• Ananke does not have eternal life, she lives as long as any non-divine human being. Every recurrence, she awakens Minerva and shares her memories. At the end of the recurrence, Minerva performs the ritual, kills the current Ananke, and is allowed to live a normal human life. 90 years later, at the next recurrence, she is an old woman (Ananke), and awakens a new Minerva. This is what the whole maid/mother/crone thing is about. Ananke picks Minerva (the maid), her sister picks Persephone (the mother) and Ananke picks again: the crone. Her trick is that she gets to be present twice at every recurrence, which is why her sister compliments her move. I think we're supposed to infer this from the books at this point.
    • Rule two (or possibly rule four) specifies that Ananke cannot perform the ritual until the entire pantheon (save Minerva and the four heads) are dead. This is why Minerva learned to play innocent and secretly collect living heads. I expect she doesn't need to decapitate the four gods used for the ritual, but it just makes it easier to keep them alive and out of the way until the rest of the pantheon is dead.
    • This is why spoilers:
      the recurrence is once every 90 years. Not because of some mystical reason: Ananke can trigger the recurrence whenever she likes. It's just that she lives a normal, full human life and then when her time is up, she triggers a recurrence to get herself a new god body. This may explain why there was a 1640s Pantheon... Ananke became ill or her life was in danger in some way that only a recurrence could resolve.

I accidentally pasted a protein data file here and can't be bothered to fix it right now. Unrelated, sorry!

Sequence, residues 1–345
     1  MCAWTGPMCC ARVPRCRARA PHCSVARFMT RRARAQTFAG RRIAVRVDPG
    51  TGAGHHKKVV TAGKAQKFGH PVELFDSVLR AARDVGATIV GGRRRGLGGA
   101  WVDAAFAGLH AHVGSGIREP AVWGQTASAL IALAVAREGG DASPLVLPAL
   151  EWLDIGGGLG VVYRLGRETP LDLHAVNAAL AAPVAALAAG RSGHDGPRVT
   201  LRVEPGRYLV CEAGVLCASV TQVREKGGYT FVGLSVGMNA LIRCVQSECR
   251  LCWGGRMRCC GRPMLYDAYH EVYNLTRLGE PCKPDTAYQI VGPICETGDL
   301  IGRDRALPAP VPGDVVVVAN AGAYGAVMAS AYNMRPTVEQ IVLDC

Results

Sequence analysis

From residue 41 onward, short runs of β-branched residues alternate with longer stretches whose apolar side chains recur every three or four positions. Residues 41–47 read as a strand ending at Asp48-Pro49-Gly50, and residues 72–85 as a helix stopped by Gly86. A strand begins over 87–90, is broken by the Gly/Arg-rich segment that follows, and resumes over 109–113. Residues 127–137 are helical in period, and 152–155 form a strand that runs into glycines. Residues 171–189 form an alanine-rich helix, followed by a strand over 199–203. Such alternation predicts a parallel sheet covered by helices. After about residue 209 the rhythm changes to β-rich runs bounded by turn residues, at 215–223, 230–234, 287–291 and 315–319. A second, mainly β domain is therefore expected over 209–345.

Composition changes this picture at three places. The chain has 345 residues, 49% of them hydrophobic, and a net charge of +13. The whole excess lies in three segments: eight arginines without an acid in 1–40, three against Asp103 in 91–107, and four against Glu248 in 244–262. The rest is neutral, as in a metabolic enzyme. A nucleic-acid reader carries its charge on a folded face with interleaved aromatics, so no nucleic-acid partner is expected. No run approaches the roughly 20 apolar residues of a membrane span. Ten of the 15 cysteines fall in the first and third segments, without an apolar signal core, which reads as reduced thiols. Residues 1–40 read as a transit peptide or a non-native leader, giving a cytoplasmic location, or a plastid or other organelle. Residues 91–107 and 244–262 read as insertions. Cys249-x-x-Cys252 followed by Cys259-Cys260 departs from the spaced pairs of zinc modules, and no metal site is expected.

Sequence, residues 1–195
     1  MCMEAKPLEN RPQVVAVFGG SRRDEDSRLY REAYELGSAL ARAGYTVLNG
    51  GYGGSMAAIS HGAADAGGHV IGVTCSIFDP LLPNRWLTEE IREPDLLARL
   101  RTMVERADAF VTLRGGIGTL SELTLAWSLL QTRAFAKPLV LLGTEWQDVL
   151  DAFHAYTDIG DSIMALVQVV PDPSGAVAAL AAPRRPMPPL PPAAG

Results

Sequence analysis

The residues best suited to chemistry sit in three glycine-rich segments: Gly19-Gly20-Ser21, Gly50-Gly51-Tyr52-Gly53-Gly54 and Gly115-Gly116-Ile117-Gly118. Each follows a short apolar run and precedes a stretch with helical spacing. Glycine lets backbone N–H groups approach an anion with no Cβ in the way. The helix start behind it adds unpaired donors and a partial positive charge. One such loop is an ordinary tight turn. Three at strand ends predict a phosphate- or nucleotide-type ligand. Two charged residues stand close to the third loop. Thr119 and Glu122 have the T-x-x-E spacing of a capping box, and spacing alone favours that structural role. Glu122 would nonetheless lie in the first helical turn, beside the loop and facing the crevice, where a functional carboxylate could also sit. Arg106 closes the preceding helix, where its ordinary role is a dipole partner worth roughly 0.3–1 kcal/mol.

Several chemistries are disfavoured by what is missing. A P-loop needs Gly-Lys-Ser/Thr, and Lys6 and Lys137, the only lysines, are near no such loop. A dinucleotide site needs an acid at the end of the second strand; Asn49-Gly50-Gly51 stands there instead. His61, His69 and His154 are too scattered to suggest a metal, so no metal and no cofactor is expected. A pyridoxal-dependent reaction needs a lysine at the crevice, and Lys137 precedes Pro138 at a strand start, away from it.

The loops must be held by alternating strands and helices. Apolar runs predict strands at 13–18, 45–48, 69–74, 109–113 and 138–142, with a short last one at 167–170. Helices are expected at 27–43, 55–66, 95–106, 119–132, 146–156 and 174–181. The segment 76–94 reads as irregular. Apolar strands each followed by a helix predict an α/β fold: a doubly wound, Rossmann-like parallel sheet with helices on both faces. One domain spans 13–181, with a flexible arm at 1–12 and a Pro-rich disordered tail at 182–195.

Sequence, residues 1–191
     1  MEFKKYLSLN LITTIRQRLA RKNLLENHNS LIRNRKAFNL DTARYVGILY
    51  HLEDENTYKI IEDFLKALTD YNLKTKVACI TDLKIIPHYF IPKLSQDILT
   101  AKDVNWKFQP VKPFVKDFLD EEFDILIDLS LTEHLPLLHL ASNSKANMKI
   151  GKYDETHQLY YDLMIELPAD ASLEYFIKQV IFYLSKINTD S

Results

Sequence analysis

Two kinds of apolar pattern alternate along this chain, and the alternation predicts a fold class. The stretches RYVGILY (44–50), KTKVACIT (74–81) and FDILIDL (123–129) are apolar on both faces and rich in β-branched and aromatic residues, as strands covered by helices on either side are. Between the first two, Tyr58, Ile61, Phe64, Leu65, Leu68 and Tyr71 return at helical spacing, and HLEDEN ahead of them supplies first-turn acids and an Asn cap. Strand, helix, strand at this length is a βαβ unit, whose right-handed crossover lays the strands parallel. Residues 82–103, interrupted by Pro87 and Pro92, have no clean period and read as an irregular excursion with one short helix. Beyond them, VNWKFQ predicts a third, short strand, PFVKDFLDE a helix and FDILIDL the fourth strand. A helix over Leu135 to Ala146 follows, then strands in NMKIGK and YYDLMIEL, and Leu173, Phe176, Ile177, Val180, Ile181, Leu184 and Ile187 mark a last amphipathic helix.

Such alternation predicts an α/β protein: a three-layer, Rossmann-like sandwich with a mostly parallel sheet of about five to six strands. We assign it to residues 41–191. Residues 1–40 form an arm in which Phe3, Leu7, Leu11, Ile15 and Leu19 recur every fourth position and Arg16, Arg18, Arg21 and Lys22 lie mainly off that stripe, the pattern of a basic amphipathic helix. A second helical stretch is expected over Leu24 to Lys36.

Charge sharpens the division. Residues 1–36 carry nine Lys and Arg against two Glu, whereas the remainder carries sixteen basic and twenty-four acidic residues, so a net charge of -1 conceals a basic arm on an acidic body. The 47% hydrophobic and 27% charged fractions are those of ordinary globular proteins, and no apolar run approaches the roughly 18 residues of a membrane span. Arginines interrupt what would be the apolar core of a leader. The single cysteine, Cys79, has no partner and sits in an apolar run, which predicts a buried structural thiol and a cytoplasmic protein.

end of spoilers
    • More of a guess: the machine-that-does-nothing was a way for Minerva to fake her own death. She gets teleported away as the machine creates an interesting show and somebody kills Ananke. She then waits for the rest of the pantheon to kill each other and then she performs the ritual. At this point she already had three heads. She could either have stolen Mimir for the fourth or used the confusion of a Pantheon battle to get her fourth.


    Some open questions:
    • The ring of icons in 455 showed all but one of the Pantheon as dead, including any possible Minerva. Do the icons lie to us? They do if Minerva is not a proper god (because she's always included instead of Persephone.
    • What does the exchange "Once again, we return", "Not quite" at the end of the 1923 Pantheon mean? It seems to imply that at that point Ananke thought they had failed. Does "we return" refer to the god Ananke going back to wherever the Gods come form?
    • Exactly what is Minerva? She seems to have her own powers. If she's a god, then why are there 13 gods instead of 12 (it seems the sisters were pretty clear on that)?
    • What the heck is rule four?


    Apologies if any of this is super-obvious or has been discussed already.

  7. #127
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    What’s also significant is that it took four gods to resurrect a dead body. Lucifer, Woden, Inanna, and Morrigan were able to combine their power and turn the corpse of Hades into The Creature.

    Also: the four gods who are “consumed” in the young Ananke ritual transfer their powers to young Ananke. The skull eyes in Minerva 1923 was a red herring, as we’re led to think skull eyes are a manifesto on of Persephone. Remember that among the skulls consumed by 1923 Ananke was the Josephine Baker Persephone. The 2015 Ananke will consume the powers of Lucifer, Inanna, Tara... and 1 more.

    When The 1830s Creature rises, he seeks to consume his creator gods. He succeeds, with Woden willingly letting herself be consumed. When we meet The Creature again, I suspect he/it will be a technophile.